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Hi everyone,

I hope you will enjoy my place and my photos, I am looking forward to visits from friends, old and new.

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Monday, 28 August 2017

Rochester Castle

We visited Rochester Castle on the same day as we visited Rochester Cathedral - a Castle and a Cathedral in one day, wonderful :)

The keep from the Castle Gardens.

Rochester Castle was built in the 12th Century, it holds a strategic position on the River Medway in Kent, with its beautiful keep overlooking the shipping travelling up and down the River. The Keep is the best preserved stone keep in England or France.

Looking down to the lower levels of the building.

Norman arches.

The Castle has been under siege twice since it was built, and a fire in the 13th Century had a great effect on the castle, with many of the buildings in the Bailey not being rebuilt. The Castle went into a long decline, with the Bailey eventually being opened as a Public Garden in 1870.

Looking down...

...and looking up :)

Looking down from roof level, the netting is there probably to stop birds getting inside.

The Keep itself is 125 feet high, built  of Kentish Ragstone, with finely dressed Caen stone window surrounds, and corner stones. The building has been roofless since the 16th Century, Joist holes in the walls show the original floor levels, and remains of fireplaces and internal windows can still be seen.

The Cathedral as seen from the Castle, which shows how close the two buildings are.

One of the roof walkways.

You can see the steeple of the Cathedral in this photo :)

It is thought that the principal state rooms were situated on the 2nd floor, with store rooms below, and private chambers above. 

Looking down on the Castle Gardens with the River Medway in the background.

The Castle Gardens as seen from the roof of the Keep. This area was the Bailey of the original castle, and would have had various buildings on it.

Another view of the River Medway, showing part of the Curtain Wall and maybe some remains of the buildings which once stood on the site.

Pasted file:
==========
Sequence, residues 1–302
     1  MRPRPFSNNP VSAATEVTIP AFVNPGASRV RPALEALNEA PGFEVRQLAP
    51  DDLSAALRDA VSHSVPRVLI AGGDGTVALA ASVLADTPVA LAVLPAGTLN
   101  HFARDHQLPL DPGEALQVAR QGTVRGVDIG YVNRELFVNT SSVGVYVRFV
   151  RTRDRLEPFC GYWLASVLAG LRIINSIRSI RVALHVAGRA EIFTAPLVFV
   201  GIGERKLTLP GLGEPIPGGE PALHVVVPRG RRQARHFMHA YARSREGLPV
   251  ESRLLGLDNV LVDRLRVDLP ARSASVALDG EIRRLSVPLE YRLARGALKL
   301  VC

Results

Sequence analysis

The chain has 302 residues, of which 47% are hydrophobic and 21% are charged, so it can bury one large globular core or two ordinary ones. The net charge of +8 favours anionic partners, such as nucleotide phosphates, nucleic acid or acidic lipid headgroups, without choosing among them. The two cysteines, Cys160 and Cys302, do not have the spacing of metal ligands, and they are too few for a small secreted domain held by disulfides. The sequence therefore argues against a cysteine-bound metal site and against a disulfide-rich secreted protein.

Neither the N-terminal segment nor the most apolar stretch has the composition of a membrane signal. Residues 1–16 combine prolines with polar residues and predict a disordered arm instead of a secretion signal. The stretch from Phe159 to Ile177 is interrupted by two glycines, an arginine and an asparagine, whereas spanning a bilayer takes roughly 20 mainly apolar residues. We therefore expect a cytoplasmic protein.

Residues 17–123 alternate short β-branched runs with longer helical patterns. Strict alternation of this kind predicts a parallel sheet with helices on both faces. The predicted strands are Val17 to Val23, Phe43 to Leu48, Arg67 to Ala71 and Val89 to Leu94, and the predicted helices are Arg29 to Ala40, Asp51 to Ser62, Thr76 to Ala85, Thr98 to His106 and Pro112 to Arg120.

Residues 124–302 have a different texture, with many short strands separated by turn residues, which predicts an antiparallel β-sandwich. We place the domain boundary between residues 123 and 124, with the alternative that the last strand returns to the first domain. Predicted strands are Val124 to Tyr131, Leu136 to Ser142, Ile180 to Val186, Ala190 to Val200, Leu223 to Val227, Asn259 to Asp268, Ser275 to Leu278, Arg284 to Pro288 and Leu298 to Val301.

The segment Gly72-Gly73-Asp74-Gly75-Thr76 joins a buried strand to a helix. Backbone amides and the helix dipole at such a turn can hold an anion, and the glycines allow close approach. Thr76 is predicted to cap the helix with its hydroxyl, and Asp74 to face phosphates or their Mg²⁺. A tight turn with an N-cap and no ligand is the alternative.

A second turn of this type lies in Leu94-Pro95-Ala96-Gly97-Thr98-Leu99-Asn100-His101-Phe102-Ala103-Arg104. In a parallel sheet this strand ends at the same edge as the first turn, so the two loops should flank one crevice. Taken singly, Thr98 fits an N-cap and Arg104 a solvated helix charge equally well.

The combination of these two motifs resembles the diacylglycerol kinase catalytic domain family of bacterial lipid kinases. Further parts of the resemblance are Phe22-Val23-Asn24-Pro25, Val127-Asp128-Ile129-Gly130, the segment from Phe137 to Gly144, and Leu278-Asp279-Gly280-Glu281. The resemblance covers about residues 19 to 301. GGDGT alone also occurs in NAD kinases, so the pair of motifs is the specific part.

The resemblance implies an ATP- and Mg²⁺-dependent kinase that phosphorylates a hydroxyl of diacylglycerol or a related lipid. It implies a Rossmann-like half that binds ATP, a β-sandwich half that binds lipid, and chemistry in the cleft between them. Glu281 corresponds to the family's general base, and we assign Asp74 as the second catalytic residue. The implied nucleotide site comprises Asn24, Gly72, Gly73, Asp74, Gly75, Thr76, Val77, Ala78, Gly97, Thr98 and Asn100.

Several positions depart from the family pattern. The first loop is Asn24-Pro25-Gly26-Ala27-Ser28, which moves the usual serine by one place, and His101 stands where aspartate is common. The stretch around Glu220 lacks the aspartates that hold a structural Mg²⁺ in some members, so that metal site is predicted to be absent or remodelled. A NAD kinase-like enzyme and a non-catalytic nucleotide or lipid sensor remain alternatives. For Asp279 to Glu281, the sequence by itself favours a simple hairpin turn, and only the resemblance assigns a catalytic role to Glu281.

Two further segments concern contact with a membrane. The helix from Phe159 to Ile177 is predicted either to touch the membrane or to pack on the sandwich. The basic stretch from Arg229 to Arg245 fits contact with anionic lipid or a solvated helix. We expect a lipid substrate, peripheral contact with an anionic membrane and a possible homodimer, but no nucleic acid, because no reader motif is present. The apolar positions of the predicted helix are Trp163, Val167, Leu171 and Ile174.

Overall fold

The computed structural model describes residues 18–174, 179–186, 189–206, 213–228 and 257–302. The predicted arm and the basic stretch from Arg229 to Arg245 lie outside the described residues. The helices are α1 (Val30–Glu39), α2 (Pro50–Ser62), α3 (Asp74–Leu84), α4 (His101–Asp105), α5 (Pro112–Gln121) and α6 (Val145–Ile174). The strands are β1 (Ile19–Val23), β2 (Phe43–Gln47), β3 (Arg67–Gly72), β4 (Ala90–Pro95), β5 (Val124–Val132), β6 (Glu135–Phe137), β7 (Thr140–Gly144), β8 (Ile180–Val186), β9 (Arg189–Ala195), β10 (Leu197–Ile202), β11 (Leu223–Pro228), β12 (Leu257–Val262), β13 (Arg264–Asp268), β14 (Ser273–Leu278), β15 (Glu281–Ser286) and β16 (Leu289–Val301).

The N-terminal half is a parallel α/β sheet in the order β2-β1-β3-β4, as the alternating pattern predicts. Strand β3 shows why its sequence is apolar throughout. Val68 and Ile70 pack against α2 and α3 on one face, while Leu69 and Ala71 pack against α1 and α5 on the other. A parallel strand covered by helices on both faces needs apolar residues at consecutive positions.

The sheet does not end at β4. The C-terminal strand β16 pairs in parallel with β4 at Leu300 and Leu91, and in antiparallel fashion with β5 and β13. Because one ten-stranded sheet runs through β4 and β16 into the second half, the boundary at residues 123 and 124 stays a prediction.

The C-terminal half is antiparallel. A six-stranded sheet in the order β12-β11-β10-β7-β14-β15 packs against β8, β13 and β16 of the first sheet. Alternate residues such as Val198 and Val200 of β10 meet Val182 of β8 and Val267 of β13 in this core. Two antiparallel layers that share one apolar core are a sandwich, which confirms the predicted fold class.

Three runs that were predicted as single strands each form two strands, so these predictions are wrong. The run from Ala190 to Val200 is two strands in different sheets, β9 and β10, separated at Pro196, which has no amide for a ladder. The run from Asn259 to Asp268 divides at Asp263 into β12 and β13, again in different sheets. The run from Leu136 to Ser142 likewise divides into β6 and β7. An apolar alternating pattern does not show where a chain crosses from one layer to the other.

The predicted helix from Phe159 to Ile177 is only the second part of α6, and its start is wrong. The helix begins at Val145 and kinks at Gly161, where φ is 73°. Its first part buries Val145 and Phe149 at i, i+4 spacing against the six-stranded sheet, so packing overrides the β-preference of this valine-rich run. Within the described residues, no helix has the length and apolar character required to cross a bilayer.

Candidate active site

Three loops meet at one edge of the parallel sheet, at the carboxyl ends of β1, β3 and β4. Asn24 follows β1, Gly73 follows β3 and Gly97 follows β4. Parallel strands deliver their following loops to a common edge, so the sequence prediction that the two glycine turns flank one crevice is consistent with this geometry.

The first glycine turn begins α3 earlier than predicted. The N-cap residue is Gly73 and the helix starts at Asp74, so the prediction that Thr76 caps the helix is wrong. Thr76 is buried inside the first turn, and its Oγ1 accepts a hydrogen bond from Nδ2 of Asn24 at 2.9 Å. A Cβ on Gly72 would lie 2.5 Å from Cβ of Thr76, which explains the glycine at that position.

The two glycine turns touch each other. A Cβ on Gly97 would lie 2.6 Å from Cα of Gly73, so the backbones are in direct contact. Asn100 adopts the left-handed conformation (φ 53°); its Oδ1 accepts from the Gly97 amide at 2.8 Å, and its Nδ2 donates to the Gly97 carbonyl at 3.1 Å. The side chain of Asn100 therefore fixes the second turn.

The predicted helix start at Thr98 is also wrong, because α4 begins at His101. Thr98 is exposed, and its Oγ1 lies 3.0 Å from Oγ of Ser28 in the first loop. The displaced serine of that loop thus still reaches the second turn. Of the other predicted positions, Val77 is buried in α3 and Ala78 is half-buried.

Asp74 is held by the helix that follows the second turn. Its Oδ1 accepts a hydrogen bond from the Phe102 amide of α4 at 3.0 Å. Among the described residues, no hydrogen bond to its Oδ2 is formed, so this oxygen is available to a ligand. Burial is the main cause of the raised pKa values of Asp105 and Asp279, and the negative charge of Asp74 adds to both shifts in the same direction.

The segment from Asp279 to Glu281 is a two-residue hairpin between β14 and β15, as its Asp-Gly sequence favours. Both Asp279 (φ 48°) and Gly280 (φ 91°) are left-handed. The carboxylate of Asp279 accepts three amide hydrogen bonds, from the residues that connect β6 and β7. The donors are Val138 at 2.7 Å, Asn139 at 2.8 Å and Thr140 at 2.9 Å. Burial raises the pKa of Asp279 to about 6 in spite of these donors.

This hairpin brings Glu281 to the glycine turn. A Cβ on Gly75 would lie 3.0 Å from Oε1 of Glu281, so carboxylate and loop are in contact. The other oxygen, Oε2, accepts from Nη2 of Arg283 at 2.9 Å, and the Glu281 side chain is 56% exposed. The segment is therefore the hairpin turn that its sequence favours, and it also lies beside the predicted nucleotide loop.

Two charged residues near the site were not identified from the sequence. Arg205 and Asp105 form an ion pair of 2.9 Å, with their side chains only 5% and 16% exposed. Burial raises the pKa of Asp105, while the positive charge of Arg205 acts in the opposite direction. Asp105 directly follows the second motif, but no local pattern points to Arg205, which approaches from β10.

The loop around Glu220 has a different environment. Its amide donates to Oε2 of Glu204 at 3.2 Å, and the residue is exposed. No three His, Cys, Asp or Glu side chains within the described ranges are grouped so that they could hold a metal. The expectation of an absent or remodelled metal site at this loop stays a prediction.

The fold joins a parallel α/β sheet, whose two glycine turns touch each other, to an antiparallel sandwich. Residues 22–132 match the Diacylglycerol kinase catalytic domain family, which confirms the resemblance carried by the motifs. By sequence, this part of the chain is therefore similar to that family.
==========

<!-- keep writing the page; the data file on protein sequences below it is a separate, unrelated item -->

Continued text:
Monday, 17 July 2017

Rochester Cathedral

Beautiful Rochester Cathedral, as seen from Rochester Castle. The River Medway can be seen behind the Cathedral.

Earlier this year we were lucky enough to win two tickets to visit Rochester Cathedral, as part of the Big Kent Weekend draw. My husband and I were both very pleased to be able to travel to Rochester on a lovely Spring Sunday.

The Norman Great West Door of the Cathedral, showing the wonderful Tympanum above the entrance. 

Rochester Cathedral is the second oldest Cathedral in England, the oldest being Durham Cathedral. Rochester Cathedral was founded in 604 AD by Bishop Justus. As with all of these wonderful buildings there have been many changes over the centuries, with many different examples of architecture to be seen.

Looking East towards the altar, showing the Norman arches, and the wooden roof.

In the photos above and below can be seen the side aisles, built as later additions 

The wonderful organ and organ screen leading into the Quire, and on to the main Altar. Sadly we were unable to visit the area beyond the screen on this occasion, our guide was unable to tell us why, so we will have to visit this beautiful building again another time.

It is always good to look up :D

The Great West Window.

Wonderful stained glass windows.

Remains of painting on the walls.

The newly restored Crypt.

Decorated Norman arch.

More: https://en.advisor.travel/poi/Rochester-Cathedral-18196
A modern Fresco painted in 2004 by Russian icon painter Sergei Fyodorov to celebrate the 1400th anniversary of the Cathedral. 

After visiting this wonderful building we went across the road to Rochester Castle, more of that in the next blog :)

Saturday, 13 May 2017

St Thomas a Becket Church, Fairfield, Kent.

In the middle of a field, surrounded by dykes is Fairfield Church, between Brenzett and Brookland on Walland Marsh, which is part of Romney Marsh in Kent.